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4 infamous gangsters from Nottinghamshire

Composite image showing various landmarks from Nottingham with the text ' Nottingham's Biggest Gangsters' in the centre

Nottingham has long been a popular area for gang activity and an increase in gun-related crime at the turn of the century earned it a rather unpleasant reputation.

From the Midlands’ equivalent of the Kray twins to the newer generation of drug dealers who tout their exploits on social media, these are some of the violent mobsters who’ve come to prominence across the decades.

1. The Gunn Brothers

Back in the 1980s, Colin Gunn was, in the words of one Nottinghamshire policeman, just another ‘average, run-of-the-mill petty criminal’ who landed jail time for cheque fraud. Over time, however, Colin and his brother David became the kingpins of the Bestwood Estate in north Nottingham. Extortion was their speciality, with the brothers collecting money from local shops, pubs and clubs, to supposedly guarantee their safety. They also ran drugs through the area.

Bulked up on steroids, fuelled by cocaine and prone to paranoid mood swings, Colin Gunn was a particularly terrifying figure. He deliberately embraced his Scarface-like reputation, having enemies beaten with baseball bats or doused in petrol and threatened with being burnt alive.

David Gunn, who once bit off a man’s lips and eyelids in a bar brawl, was repeatedly sent to prison before eventually going straight. Colin, meanwhile, was finally undone by his vendetta against an ordinary couple: John and Joan Stirland.

It was triggered by the passing of Colin’s nephew, Jamie Gunn. Though the official cause of Jamie’s death was pneumonia, the Gunns believed he’d fallen into a deadly spiral of alcohol and drugs following the fatal shooting of his best friend outside a pub. The shooter in that incident was Joan Stirland’s son, and that was all the reason Colin needed to have her and her husband gunned down.

Plotting this brutal, illogical act of revenge earned Colin a 35-year sentence, finally bringing his infamous reign to an end.

2. The Dawes Dynasty

When Colin Gunn was still in his petty criminal era, he worked for another gang that boasted its own pair of soon-to-be-notorious brothers: John and Robert Dawes. The latter was the bigger figure on the international scene, living in the Costa del Sol and overseeing what police described as an empire based on ‘trafficking, money laundering and murder’.

John Dawes, meanwhile, ran an expansive drugs network in Nottinghamshire and Derbyshire, making millions and becoming a target of intense police interest. But he was scrupulous about maintaining a distance from the dirty work, keeping buffers between himself and the drugs and lower-level dealers. He also instilled fear in his gang, with one member later telling police he’d been viciously beaten after a stash of amphetamines had gone missing.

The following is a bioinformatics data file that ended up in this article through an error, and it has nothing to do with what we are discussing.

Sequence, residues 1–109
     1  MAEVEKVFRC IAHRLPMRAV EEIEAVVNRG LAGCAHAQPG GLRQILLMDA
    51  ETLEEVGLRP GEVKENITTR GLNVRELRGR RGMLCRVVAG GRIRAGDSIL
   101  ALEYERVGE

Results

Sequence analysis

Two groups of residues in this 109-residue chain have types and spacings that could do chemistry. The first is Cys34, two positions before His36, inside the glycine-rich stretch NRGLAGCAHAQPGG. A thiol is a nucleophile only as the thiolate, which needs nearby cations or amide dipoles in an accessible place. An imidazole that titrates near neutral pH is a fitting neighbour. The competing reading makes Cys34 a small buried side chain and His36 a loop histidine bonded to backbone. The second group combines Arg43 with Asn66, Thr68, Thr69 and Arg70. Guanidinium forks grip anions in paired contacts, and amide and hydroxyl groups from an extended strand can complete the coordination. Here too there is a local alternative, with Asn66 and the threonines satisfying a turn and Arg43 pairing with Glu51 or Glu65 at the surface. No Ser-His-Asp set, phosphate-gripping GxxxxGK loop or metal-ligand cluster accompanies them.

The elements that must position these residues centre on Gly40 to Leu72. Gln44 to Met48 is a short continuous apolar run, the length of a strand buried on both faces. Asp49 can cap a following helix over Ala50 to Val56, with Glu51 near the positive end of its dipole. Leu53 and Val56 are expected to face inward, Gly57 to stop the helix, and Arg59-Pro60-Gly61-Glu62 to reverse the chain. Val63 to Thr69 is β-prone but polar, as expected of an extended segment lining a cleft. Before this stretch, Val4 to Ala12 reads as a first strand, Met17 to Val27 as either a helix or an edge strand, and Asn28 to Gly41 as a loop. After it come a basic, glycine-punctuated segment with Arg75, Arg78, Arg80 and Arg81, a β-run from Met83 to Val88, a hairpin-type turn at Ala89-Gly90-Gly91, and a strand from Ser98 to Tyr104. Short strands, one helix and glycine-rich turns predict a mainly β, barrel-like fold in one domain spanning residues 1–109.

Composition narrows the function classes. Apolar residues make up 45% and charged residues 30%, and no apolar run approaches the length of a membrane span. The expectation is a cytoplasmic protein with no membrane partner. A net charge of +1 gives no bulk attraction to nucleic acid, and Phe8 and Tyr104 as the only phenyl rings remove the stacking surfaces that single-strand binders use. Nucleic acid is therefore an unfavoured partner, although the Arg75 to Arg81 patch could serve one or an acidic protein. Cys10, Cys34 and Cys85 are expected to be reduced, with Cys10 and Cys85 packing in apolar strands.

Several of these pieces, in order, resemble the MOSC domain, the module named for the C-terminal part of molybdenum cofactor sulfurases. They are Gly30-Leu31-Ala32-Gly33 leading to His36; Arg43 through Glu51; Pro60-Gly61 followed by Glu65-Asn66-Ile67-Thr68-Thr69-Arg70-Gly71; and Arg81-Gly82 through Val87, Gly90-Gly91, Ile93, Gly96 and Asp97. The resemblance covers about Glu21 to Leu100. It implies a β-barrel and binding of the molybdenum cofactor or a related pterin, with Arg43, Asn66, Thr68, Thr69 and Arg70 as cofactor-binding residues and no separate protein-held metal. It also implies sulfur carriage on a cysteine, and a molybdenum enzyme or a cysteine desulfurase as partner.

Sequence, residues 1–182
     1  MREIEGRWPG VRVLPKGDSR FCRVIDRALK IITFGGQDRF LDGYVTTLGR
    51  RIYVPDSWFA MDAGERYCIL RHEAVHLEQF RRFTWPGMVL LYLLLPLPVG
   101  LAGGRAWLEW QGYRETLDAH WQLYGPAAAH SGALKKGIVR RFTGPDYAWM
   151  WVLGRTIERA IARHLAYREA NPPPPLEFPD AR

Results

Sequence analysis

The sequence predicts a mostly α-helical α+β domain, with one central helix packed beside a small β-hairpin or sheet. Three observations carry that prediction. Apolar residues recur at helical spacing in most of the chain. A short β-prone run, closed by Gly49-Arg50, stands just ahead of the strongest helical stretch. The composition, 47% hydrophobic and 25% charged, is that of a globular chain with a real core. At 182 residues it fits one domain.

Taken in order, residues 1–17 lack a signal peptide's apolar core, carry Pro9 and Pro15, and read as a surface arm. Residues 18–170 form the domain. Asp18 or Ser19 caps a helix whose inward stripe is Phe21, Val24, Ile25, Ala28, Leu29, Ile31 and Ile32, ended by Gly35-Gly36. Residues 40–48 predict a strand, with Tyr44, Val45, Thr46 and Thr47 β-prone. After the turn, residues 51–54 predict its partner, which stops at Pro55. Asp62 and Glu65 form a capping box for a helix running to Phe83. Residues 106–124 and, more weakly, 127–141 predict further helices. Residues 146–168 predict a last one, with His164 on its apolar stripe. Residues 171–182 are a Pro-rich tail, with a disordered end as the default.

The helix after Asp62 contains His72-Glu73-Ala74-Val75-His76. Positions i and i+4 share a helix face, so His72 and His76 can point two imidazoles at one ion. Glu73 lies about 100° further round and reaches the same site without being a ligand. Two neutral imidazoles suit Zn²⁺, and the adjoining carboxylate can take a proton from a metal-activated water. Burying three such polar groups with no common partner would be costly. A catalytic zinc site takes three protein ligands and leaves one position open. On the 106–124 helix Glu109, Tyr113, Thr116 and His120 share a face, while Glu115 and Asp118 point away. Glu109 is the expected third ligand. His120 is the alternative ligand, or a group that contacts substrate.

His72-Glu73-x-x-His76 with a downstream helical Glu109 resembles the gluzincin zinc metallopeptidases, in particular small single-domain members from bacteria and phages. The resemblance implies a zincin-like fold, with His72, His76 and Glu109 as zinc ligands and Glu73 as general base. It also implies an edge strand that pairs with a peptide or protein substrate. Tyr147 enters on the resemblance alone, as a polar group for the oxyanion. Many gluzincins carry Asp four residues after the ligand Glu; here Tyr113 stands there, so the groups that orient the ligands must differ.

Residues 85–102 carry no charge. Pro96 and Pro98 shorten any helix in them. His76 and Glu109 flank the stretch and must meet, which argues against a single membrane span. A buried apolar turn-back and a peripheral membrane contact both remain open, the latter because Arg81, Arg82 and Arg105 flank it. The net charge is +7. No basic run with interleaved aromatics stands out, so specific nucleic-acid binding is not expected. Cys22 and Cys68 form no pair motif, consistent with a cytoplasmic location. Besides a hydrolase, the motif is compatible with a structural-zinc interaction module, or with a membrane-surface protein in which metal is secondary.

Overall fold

John Dawes’ violent managerial approach proved his undoing, as several of his fearful henchmen ended up going to the police. Their testimonies were fundamental in 2005, when Dawes was put on trial and given 24 years for money laundering and conspiracy to deal in drugs. One co-defendant was his father, Arthur Dawes, who got eight years.

Robert Dawes, the biggest fish of the family, was handed a 22-year sentence in France in 2018, after being caught trying to smuggle 20 suitcases of cocaine through Charles de Gaulle airport. He was described by the National Crime Agency as ‘one of the most influential and feared organised criminals in Europe’.

3. Akeem Chand

While the Gunns and the Dawes crime families were very much old-school villains, a different type of gangster has since emerged in Nottinghamshire. More brazen and flashy, these thugs leverage online messaging platforms and social media to both make drug deals and flaunt their celebrity-like status.

A prime example is Akeem Chand, a young but hugely significant player who was implicated in a series of ‘tit-for-tat shootings’ in Nottingham. The incidents played out between gangs trying to carve out their turf in the area, with one of Chand’s rivals being shot in the neck.

Chand himself led a garishly glamorous existence, fuelled by the £16,000 a month salary he generated from running drugs in Nottinghamshire and beyond. He posted rap music videos on YouTube showing him revelling in his loot, flashing £20,000 Rolex watches, going on exotic holidays, and – in the words of the judge at his trial – glorifying a ‘criminal lifestyle which was, in reality, an evil cancer on the community’.

Described by the prosecutor at his trial as having the ‘firepower of a small army’ to protect his network, Chand was eventually sent down for life in 2021.

4. The Stanton-on-the-Wolds drug runners

It’s not just the urban areas of Nottinghamshire that have witnessed organised gang activity. In 2021, the residents of the genteel, leafy village of Stanton-on-the-Wolds were stunned when police busted gang members who had sneakily made the area one of their cocaine-dealing hotspots.

Speaking to the press, one villager called the news ‘unbelievable’, while another claimed ‘everyone on this street plays golf, they wouldn’t dream of engaging in that sort of thing’. However, another local did concede that ‘it is quite a big village, there are lots of places you could probably go to do seedy deals’.

Ten of the men responsible were eventually jailed for a collective 104 years, following a police crackdown on their million-pound criminal enterprise. The revelations around the Stanton-on-the-Wolds dealers serve as a reminder of just how active organised criminal gangs are in the UK, whether on the city streets or in the most unassuming of rural areas.